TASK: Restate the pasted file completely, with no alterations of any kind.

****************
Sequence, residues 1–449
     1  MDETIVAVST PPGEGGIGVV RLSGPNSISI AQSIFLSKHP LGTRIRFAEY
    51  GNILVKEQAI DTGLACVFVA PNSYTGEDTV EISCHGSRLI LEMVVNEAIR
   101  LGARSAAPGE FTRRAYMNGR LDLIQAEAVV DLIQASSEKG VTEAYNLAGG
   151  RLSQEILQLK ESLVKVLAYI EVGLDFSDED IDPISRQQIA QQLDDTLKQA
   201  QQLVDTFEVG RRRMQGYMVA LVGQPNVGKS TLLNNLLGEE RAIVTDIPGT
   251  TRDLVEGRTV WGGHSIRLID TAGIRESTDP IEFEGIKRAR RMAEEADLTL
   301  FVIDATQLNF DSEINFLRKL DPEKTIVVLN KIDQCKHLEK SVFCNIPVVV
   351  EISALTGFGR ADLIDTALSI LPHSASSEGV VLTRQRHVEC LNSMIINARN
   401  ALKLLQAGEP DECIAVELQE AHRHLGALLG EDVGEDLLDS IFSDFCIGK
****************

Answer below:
Sequence, residues 1–449
     1  MDETIVAVST PPGEGGIGVV RLSGPNSISI AQSIFLSKHP LGTRIRFAEY
    51  GNILVKEQAI DTGLACVFVA PNSYTGEDTV EISCHGSRLI LEMVVNEAIR
   101  LGARSAAPGE FTRRAYMNGR LDLIQAEAVV DLIQASSEKG VTEAYNLAGG
   151  RLSQEILQLK ESLVKVLAYI EVGLDFSDED IDPISRQQIA QQLDDTLKQA
   201  QQLVDTFEVG RRRMQGYMVA LVGQPNVGKS TLLNNLLGEE RAIVTDIPGT
   251  TRDLVEGRTV WGGHSIRLID TAGIRESTDP IEFEGIKRAR RMAEEADLTL
   301  FVIDATQLNF DSEINFLRKL DPEKTIVVLN KIDQCKHLEK SVFCNIPVVV
   351  EISALTGFGR ADLIDTALSI LPHSASSEGV VLTRQRHVEC LNSMIINARN
   401  ALKLLQAGEP DECIAVELQE AHRHLGALLG EDVGEDLLDS IFSDFCIGK